For example, in the following expression we create a `formula`

object named `f`

:

Checking the class shows that `f`

is indeed a `formula`

object:

We can also convert `character`

values to `formula`

using the `as.formula`

function. For example:

The `as.formula`

function is particularly useful when we want to construct different formulas as part of a `for`

loop (Section 12.3.3).

### 12.2.3 Making predictions

Now that our model is defined, we can use the `predict`

function to actually interpolate, i.e., to calculate predicted values. The `predict`

function accepts:

- A
**raster**—`stars`

object, such as`dem`

- A
**model**—`gstat`

object, such as`g`

The raster serves for two purposes:

- Specifying the
**locations**where we want to make predictions (in all methods) - Specifying
**covariate**values (in Universal Kriging only)

For example, the following expression interpolates `annual`

values according to the model defined in `g`

and the raster template defined in `dem`

:

The resulting `stars`

object has two attributes:

`var1.pred`

—the predicted values`var1.var`

—the variance (for Kriging only)

For example:

```
z
## stars object with 2 dimensions and 2 attributes
## attribute(s):
## var1.pred var1.var
## Min. : 42.85 Min. : NA
## 1st Qu.:356.01 1st Qu.: NA
## Median :495.20 Median : NA
## Mean :466.49 Mean :NaN
## 3rd Qu.:552.16 3rd Qu.: NA
## Max. :946.31 Max. : NA
## NA's :20108 NA's :39933
## dimension(s):
## from to offset delta refsys point values x/y
## x 1 153 616965 1000 +proj=utm +zone=36 +datum... NA NULL [x]
## y 1 261 3691819 -1000 +proj=utm +zone=36 +datum... NA NULL [y]
```

We can subset just the first attribute and rename it to `"annual"`

:

The interpolated annual rainfall raster, using IDW, is shown in Figure 12.12:

```
b = seq(0, 1200, 100)
plot(z, breaks = b, col = hcl.colors(length(b)-1, "Spectral"), reset = FALSE)
plot(st_geometry(rainfall), pch = 3, add = TRUE)
contour(z, breaks = b, add = TRUE)
```

## 12.3 Ordinary Kriging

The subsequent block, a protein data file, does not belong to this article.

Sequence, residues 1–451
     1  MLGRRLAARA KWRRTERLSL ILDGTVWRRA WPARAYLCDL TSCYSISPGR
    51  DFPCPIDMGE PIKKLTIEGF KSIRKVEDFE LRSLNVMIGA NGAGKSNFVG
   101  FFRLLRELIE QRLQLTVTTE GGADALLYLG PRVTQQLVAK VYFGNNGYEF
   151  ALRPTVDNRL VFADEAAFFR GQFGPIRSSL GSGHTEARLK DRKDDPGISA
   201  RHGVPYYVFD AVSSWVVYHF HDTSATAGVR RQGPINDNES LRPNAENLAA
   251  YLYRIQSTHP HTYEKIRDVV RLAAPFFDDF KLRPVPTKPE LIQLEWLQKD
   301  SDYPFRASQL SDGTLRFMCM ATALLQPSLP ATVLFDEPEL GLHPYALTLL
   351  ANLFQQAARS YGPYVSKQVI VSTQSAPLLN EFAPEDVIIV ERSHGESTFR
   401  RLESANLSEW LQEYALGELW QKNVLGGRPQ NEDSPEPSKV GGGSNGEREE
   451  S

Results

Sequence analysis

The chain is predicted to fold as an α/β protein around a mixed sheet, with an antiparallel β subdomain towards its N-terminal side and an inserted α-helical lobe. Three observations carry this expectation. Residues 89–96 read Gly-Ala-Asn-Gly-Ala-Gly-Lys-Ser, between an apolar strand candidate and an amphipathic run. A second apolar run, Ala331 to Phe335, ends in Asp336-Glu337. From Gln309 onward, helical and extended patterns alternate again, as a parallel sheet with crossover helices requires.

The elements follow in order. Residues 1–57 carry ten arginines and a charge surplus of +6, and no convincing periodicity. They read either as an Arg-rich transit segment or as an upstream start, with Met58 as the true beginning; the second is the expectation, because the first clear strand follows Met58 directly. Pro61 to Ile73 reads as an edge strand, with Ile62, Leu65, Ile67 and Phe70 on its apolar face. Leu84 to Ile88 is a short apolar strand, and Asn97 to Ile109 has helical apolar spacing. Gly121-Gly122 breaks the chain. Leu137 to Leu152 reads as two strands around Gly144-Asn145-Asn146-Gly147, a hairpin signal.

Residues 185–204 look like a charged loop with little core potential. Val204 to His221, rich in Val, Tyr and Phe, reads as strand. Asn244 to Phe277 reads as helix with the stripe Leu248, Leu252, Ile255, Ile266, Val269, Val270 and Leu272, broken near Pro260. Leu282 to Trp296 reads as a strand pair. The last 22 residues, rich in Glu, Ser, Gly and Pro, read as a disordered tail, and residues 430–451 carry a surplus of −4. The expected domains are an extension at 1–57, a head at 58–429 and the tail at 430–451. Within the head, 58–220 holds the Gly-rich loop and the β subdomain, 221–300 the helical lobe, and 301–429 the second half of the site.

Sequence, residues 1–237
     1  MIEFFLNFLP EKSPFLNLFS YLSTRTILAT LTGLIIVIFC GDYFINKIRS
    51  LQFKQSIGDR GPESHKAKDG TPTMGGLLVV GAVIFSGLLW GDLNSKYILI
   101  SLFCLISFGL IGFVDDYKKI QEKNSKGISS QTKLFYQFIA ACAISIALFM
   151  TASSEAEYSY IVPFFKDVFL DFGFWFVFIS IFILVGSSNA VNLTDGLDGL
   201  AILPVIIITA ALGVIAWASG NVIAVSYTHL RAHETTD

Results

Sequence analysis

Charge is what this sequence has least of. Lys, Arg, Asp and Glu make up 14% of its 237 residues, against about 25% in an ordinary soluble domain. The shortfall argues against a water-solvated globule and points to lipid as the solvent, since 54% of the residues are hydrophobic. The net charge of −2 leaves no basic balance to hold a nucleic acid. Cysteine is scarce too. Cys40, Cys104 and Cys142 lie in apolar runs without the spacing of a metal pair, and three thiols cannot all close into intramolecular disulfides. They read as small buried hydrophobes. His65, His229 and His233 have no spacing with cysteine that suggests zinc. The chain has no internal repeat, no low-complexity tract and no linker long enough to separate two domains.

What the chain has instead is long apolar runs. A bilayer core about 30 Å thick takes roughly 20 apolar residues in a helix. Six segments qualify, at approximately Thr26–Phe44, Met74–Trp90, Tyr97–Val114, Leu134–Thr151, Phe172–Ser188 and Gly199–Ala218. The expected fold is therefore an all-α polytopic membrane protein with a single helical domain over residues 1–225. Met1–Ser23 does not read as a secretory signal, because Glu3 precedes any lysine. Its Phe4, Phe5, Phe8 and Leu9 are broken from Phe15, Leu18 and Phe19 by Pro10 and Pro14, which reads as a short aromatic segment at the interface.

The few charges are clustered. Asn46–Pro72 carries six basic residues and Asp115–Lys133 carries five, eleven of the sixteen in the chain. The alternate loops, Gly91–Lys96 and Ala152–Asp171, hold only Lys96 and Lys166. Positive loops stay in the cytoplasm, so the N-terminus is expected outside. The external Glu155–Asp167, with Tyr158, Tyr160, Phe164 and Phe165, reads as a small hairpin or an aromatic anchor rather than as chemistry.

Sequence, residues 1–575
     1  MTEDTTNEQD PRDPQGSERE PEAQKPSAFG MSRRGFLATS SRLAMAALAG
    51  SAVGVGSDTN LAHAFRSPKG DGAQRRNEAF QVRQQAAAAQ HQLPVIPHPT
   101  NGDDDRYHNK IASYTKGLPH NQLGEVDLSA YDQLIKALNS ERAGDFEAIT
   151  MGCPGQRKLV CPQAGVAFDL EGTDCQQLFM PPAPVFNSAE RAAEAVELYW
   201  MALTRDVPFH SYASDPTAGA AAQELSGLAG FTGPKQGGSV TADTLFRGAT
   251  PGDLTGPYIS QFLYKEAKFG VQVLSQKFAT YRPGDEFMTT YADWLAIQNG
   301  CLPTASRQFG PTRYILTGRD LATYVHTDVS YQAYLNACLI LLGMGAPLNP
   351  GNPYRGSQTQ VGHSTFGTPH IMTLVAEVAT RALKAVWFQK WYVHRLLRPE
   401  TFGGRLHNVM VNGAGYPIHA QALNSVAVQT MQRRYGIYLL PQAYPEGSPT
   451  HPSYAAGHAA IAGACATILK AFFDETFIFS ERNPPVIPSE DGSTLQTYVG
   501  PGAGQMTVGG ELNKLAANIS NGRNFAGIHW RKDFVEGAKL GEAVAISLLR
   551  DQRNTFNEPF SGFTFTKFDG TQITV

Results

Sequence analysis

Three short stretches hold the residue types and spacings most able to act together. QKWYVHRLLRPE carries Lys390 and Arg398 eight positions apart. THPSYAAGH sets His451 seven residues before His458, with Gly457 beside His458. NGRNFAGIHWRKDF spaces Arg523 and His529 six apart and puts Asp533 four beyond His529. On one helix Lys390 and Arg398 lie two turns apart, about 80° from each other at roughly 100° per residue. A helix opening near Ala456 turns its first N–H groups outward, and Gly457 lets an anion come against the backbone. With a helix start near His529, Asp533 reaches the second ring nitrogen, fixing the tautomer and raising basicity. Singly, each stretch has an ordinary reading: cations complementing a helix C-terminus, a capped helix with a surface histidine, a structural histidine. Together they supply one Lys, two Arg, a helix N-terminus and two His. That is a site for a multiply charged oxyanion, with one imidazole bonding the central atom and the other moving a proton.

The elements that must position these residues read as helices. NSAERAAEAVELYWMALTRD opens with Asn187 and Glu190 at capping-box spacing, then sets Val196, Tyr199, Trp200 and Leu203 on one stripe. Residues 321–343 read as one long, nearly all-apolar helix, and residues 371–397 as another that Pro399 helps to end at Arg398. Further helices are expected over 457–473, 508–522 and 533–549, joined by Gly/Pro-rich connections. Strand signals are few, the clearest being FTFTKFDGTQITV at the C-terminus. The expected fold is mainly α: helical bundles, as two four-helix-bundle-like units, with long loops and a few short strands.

### 12.3.1 Annual rainfall example

Kriging methods require a **variogram model**. The variogram model is an objective way to quantify the autocorrelation pattern in the data, and assign weights accordingly when making predictions (Section 12.1.2).

As a first step, we can calculate and examine the **empirical variogram** using the `variogram`

function. The function requires two arguments:

`formula`

—Specifies the**dependent variable**and the**covariates**, just like in`gstat`

`data`

—The**point**layer with the dependent variable and covariates as point attributes

For example, the following expression calculates the empirical variogram of `annual`

, with no covariates:

Using `plot`

to examine it we can examine the variogram (Figure 12.13):

There are several ways to fit a **variogram model** to an empirical variogram. We will use the simplest one—*automatic* fitting using function `autofitVariogram`

from package `automap`

:

The function chooses the best fitting type of model, and also fine tunes its parameters. (Use `show.vgms()`

to display variogram model types.) Note that the `autofitVariogram`

function does not work on `sf`

objects, which is why we convert the object to a `SpatialPointsDataFrame`

(package `sp`

).

The fitted model can be plotted with `plot`

(Figure 12.14):

The resulting object is actually a `list`

with several components, including the empirical variogram and the fitted variogram model. The `$var_model`

component of the resulting object contains the actual model:

```
v_mod_ok$var_model
## model psill range kappa
## 1 Nug 451.9177 0.00 0
## 2 Ste 23223.8370 34604.87 2
```

The variogram model can then be passed to the `gstat`

function, and we can carry on with the Ordinary Kriging interpolation:

```
g = gstat(formula = annual ~ 1, model = v_mod_ok$var_model, data = rainfall)
z = predict(g, dem)
## [using ordinary kriging]
```